The GCX is a matrix of proteoglycans (PG), glycoproteins, glycosaminoglycans (GAGs), glycolipids and soluble proteins coating the endothelial cells. The most abundant GAGs are heparan sulfate (HS), chondroitin sulfate and hyaluronan (HA). The main PGs are syndecan (SDC)-1, -2 and -4 and glypican-1(GPC1).For reviews on the GCX composition and function see Reitsma et al. and Curry and Adamson [8, 9]. The integrity of the GCX is critical for sensing FFSS caused by the circulating blood [10]. Interestingly, FFSS can modulate the GCX barrier properties against cellular infiltration and molecular transport across the vascular wall [11, 12, 13]. In addition, the GCX is negatively charged due to the presence of anionic oligosaccharides, thereby forming an electrical barrier [14, 15]. In vitro experiments have shown that high glucose leads to the degradation of the HS component of the GCX in bovine aortic endothelial cells (BAEC) [16] and in human endothelial cell lines [17]. In BAEC, this resulted in an abnormal response of FFSS dependent hydraulic conductivity across the cell layer. In vivo experiments have shown that either neutral or anionic dextrans with molecular weights of 70-kDa and higher, do not penetrate the GCX and are therefore retained in the vasculature [18], however, short-term hyperglycemia can impair the ability of the GCX to exclude 70-kDa dextran [19] possibly due to enzymatic shedding of some of its components. This was partially supported by the observation that the GCX of mice deficient in hyaluronidase 1, an enzyme that cleaves HA, was preserved from damage in streptozotocin-induced diabetes [20]. In type 1 diabetes patients and in acute hyperglycemia, plasma HA and hyaluronidase are increased [21, 22]. In type 2 male patients, sublingual and retinal GCX thickness was reduced as measured by angiography, with a concomitant increase in markers for HA catabolism (HA and hyaluronidase) and an increase in transcapillary efflux of albumin, that was partially restored following administration of sulodexide [23], a purified GAG combining HS and dermatan sulfate with affinities for antithrombin III and for heparin cofactor II respectively [24, 25]. It is well established that reactive oxygen species (ROS) and advanced glycation end products (AGE) are involved in diabetic complications. ROS can depolymerize GAGs [26] and AGE degrade and inhibit the production of HA [27]. Besides the presence of ROS and AGE, the activation of heparanase and hyaluronidase lead to the deterioration of the GCX during diabetes [28]. The GCX therefore has been suggested as a target in diabetic vascular complications [29]. In hyperglycemic conditions, heparin or insulin preserves GAGs; insulin is an effective diabetic therapy since it both lowers blood glucose and protects the endothelium [30].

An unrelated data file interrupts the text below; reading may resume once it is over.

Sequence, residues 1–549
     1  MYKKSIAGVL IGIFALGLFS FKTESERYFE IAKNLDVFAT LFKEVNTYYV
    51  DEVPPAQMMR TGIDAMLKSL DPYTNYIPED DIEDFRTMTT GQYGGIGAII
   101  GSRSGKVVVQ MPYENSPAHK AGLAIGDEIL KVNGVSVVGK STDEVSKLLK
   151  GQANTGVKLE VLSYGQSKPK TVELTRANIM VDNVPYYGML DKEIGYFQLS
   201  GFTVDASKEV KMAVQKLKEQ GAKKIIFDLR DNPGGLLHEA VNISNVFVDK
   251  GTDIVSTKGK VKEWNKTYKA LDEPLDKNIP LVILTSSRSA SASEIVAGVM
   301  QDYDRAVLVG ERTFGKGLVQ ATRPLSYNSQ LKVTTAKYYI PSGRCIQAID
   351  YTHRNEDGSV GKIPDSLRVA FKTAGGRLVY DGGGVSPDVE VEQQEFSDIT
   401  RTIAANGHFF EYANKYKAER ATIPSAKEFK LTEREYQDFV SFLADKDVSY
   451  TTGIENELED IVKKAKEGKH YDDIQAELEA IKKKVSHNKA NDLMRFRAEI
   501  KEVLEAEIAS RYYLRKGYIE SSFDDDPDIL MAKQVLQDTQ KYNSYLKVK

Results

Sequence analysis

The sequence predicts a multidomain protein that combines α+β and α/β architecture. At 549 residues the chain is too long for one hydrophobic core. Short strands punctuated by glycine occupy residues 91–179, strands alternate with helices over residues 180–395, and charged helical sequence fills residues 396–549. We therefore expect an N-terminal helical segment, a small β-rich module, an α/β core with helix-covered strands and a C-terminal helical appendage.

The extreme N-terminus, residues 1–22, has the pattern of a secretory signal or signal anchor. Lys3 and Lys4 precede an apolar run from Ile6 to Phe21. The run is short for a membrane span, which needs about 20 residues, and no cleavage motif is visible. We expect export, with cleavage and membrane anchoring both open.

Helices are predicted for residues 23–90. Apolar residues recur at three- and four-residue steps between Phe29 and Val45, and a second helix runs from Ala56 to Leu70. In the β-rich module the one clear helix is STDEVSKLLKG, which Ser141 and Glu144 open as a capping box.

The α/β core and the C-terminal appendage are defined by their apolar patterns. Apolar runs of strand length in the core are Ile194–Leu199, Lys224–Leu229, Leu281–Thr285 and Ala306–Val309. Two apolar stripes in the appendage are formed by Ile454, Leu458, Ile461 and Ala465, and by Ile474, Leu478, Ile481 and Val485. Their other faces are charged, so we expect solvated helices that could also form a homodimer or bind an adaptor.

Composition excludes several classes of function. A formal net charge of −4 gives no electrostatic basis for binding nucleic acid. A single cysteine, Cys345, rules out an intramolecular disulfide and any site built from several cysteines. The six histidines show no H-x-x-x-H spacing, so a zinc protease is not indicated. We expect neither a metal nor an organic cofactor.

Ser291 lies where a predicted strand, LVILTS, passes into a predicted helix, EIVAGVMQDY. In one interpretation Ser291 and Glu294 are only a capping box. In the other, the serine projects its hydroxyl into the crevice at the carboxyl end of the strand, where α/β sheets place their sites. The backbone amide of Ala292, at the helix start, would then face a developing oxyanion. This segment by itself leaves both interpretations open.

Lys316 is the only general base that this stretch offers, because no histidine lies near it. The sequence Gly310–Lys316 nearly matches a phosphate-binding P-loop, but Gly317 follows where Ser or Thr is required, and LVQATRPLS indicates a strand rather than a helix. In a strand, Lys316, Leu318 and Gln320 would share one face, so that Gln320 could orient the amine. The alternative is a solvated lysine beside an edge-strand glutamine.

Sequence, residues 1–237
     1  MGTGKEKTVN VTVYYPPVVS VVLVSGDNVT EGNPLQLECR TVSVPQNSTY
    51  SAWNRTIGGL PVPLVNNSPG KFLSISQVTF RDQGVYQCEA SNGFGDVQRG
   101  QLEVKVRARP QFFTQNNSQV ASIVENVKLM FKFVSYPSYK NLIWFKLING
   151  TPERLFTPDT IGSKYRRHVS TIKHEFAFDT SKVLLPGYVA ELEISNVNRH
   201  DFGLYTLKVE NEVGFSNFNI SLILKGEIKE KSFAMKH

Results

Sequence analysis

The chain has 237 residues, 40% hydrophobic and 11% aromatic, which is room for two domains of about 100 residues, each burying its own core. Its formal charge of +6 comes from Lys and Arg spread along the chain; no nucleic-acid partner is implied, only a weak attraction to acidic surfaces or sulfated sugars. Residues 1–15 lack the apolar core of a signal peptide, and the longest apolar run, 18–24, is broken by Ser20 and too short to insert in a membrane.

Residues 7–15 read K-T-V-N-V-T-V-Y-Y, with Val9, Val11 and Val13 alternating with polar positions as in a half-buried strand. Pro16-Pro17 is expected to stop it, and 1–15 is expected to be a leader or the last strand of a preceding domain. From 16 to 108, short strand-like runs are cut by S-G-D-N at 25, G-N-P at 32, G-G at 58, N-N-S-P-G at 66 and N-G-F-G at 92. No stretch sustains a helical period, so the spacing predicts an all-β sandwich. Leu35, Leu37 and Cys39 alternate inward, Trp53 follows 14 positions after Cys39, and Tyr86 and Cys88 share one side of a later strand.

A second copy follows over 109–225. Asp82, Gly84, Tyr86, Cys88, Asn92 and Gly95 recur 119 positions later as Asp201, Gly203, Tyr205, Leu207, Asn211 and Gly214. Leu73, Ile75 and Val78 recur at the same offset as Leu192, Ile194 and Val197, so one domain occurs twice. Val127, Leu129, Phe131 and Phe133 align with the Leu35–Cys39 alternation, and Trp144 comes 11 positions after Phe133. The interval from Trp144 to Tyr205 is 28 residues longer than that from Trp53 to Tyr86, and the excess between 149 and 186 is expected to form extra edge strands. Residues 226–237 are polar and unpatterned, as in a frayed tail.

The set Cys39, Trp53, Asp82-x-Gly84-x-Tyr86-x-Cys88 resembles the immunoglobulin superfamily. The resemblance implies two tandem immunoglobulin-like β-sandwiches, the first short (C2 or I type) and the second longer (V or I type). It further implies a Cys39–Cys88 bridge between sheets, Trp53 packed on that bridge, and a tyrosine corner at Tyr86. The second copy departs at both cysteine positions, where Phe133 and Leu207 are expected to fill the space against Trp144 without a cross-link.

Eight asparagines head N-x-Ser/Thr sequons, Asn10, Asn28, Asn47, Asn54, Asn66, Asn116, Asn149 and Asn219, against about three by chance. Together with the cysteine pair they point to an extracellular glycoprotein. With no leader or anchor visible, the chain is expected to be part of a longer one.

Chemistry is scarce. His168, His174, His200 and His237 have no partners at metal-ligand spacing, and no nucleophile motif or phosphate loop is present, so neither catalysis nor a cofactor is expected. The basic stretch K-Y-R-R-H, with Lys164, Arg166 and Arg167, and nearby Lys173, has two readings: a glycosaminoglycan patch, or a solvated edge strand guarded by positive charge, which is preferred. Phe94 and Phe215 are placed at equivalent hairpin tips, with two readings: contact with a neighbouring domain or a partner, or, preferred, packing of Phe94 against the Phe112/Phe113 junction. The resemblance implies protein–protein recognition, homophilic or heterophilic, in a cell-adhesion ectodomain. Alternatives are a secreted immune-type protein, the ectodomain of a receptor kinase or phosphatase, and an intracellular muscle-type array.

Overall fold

The GCX, the endothelium, the astrocyte end feet and basement membrane contribute to the BBB [31] preventing large molecules, neurotoxins, inflammatory factors and pathogens into the brain. A compromise in the BBB precedes many neurological disorders and is related to diabetes-associated comorbidities such as cognitive impairment and depression [32]. Hyper and hypoglycemia have been associated with oxidative stress in the brain, that may upregulate and activate the receptor for AGE, which also transports amyloid-beta from the blood into the brain, thus, establishing a relationship between type 2 diabetes mellitus and Alzheimer’s disease (also referred to as “type 3 diabetes”). Degradation of the GCX at the BBB may imply that there is a lower FFSS-induced endothelial nitric oxide production [33] which can impair vasodilation. According to the International Diabetes Federation (www.idf.org), in 2019, approximately 463 million adults were living with diabetes and it is estimated that by 2045 this number will rise to 700 million. Therefore, more research is necessary to understand the mechanisms by which hyperglycemia damages the GCX. Such studies will likely provide a key to prevent complications in micro and macrovascular beds of the brain and other organs.


We would like to thank the National Institute of Health for their funding of project 5R01NS092466-07.

Conflict of Interest

We would like to declare that no conflict of interest exists related to this article.